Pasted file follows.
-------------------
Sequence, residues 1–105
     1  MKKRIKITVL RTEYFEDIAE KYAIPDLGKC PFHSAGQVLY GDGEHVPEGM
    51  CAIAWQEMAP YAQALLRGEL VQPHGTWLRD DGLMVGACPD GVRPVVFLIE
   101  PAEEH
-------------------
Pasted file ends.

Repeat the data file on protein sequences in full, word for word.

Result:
Sequence, residues 1–105
     1  MKKRIKITVL RTEYFEDIAE KYAIPDLGKC PFHSAGQVLY GDGEHVPEGM
    51  CAIAWQEMAP YAQALLRGEL VQPHGTWLRD DGLMVGACPD GVRPVVFLIE
   101  PAEEH